GABAergic mechanisms regulated by MIR-33 encode state-dependent fear

Vladimir Jovasevic, Kevin A. Corcoran, Katherine Leaderbrand, Naoki Yamawaki, Anita L. Guedea, Helen J. Chen, Gordon M.G. Shepherd, Jelena Radulovic*

*Corresponding author for this work

Research output: Contribution to journalArticlepeer-review

78 Scopus citations


Fear-inducing memories can be state dependent, meaning that they can best be retrieved if the brain states at encoding and retrieval are similar. Restricted access to such memories can present a risk for psychiatric disorders and hamper their treatment. To better understand the mechanisms underlying state-dependent fear, we used a mouse model of contextual fear conditioning. We found that heightened activity of hippocampal extrasynaptic GABA A receptors, believed to impair fear and memory, actually enabled their state-dependent encoding and retrieval. This effect required protein kinase C-βII and was influenced by miR-33, a microRNA that regulates several GABA-related proteins. In the extended hippocampal circuit, extrasynaptic GABA A receptors promoted subcortical, but impaired cortical, activation during memory encoding of context fear. Moreover, suppression of retrosplenial cortical activity, which normally impairs retrieval, had an enhancing effect on the retrieval of state-dependent fear. These mechanisms can serve as treatment targets for managing access to state-dependent memories of stressful experiences.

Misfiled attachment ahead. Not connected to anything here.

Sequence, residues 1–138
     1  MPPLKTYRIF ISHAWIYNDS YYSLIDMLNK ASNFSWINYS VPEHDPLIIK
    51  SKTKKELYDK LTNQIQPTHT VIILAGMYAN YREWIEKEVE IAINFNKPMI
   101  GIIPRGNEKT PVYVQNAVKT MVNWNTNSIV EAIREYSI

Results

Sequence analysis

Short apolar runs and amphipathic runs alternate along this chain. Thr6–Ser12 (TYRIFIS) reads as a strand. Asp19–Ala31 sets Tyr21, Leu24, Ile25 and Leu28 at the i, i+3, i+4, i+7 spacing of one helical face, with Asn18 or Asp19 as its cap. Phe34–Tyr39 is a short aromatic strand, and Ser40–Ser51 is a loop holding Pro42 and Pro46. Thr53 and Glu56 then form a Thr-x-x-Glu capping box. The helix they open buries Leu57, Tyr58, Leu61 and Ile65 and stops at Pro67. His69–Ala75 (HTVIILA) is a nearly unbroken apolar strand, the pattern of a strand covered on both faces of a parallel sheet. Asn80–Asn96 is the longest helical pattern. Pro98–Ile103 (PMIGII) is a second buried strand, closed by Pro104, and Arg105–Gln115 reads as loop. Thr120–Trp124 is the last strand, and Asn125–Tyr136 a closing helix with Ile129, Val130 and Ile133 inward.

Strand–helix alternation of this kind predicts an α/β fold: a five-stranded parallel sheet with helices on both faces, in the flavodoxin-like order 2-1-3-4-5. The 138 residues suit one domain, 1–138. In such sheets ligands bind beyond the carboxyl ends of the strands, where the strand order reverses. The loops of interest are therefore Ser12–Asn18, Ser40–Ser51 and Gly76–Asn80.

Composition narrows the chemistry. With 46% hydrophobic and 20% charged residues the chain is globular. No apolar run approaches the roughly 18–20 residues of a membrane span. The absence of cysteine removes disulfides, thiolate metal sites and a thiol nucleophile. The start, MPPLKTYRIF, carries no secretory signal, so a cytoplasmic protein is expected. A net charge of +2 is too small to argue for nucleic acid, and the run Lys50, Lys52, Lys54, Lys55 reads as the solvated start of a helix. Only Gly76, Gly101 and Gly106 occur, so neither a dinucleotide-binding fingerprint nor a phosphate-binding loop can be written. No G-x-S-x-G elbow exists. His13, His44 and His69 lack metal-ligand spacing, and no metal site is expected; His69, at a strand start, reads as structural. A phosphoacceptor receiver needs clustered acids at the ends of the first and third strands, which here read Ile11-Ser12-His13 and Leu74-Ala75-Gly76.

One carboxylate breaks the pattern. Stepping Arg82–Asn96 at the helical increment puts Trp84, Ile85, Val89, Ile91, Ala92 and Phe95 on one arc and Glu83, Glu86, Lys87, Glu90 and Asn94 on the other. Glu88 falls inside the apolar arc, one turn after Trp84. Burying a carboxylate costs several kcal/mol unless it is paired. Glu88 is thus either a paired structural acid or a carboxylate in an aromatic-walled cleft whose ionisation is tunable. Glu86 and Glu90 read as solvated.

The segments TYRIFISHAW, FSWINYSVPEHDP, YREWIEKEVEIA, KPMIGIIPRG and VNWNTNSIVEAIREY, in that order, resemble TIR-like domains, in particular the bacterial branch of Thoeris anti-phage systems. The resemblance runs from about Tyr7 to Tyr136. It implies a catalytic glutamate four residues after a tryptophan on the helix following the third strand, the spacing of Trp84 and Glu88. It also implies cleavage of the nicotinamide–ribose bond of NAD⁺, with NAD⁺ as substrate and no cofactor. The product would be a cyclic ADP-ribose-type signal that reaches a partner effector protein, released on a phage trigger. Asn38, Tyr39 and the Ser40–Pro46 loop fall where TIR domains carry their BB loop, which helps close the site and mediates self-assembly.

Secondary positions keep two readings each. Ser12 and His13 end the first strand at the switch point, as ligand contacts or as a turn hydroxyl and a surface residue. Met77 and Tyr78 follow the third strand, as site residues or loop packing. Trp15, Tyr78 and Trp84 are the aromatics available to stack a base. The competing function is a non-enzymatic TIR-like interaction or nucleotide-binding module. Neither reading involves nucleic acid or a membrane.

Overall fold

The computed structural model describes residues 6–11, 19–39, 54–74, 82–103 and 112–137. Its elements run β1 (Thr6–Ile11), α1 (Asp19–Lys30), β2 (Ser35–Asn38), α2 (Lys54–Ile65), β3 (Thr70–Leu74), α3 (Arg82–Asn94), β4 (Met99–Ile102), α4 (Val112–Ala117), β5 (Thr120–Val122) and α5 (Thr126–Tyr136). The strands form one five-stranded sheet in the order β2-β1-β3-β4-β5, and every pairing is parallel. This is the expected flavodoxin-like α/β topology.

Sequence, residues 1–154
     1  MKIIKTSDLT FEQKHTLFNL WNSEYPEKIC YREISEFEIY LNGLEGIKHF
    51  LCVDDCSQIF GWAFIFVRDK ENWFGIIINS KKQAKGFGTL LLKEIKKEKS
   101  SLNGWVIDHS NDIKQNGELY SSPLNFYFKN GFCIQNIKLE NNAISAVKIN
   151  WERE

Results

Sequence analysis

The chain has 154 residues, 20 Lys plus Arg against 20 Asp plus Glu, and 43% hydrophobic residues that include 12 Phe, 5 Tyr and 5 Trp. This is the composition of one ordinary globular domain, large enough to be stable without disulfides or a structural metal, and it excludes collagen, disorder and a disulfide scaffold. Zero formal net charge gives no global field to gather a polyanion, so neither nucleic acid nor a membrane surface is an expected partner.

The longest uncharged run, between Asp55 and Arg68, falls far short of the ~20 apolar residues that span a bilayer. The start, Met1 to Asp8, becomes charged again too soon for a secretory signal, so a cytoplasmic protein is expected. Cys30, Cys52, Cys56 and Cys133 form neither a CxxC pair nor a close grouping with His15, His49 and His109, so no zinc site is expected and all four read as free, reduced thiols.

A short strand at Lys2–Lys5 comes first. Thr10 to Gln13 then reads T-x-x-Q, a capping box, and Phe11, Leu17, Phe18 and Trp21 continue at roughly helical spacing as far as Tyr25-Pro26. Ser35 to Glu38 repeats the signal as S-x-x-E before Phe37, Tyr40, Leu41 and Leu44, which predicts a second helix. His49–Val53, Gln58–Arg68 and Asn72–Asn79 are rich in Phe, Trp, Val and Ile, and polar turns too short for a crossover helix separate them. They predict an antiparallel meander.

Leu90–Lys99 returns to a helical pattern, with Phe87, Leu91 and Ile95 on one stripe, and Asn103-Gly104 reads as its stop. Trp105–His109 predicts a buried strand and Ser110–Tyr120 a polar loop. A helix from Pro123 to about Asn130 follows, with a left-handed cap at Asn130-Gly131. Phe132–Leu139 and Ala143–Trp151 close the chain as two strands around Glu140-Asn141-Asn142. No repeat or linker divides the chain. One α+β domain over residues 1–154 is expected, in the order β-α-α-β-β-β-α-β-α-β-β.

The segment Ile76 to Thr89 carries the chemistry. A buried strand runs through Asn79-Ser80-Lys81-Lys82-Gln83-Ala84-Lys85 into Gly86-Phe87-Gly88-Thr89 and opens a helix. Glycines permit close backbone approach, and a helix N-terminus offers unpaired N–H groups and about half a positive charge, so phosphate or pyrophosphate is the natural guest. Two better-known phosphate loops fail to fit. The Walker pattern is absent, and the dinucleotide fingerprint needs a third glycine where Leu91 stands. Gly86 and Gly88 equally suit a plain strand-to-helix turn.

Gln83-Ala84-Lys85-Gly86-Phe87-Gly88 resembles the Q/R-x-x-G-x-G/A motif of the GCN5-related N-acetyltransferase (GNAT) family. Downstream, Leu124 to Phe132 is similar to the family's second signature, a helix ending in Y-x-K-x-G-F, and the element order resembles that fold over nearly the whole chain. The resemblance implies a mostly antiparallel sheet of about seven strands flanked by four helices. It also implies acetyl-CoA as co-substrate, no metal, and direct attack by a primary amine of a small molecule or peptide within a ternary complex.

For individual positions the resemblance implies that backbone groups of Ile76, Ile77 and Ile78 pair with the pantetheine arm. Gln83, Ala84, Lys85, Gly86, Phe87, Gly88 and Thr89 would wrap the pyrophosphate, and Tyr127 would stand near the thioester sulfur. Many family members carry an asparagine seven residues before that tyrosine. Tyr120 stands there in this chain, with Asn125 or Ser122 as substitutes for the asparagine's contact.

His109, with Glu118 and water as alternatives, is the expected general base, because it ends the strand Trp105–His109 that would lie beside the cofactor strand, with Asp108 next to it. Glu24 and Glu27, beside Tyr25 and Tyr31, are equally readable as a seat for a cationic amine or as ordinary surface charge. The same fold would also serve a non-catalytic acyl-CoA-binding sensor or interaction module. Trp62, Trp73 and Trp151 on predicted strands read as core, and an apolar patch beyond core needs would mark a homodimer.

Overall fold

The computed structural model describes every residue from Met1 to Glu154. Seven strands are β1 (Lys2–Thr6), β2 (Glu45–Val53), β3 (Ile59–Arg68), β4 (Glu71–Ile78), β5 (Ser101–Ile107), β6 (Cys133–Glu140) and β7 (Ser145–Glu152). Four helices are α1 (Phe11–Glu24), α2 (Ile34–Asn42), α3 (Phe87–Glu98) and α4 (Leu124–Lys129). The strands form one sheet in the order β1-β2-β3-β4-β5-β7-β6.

Original languageEnglish (US)
Pages (from-to)1265-1271
Number of pages7
JournalNature neuroscience
Issue number9
StatePublished - Aug 26 2015

ASJC Scopus subject areas

  • General Neuroscience


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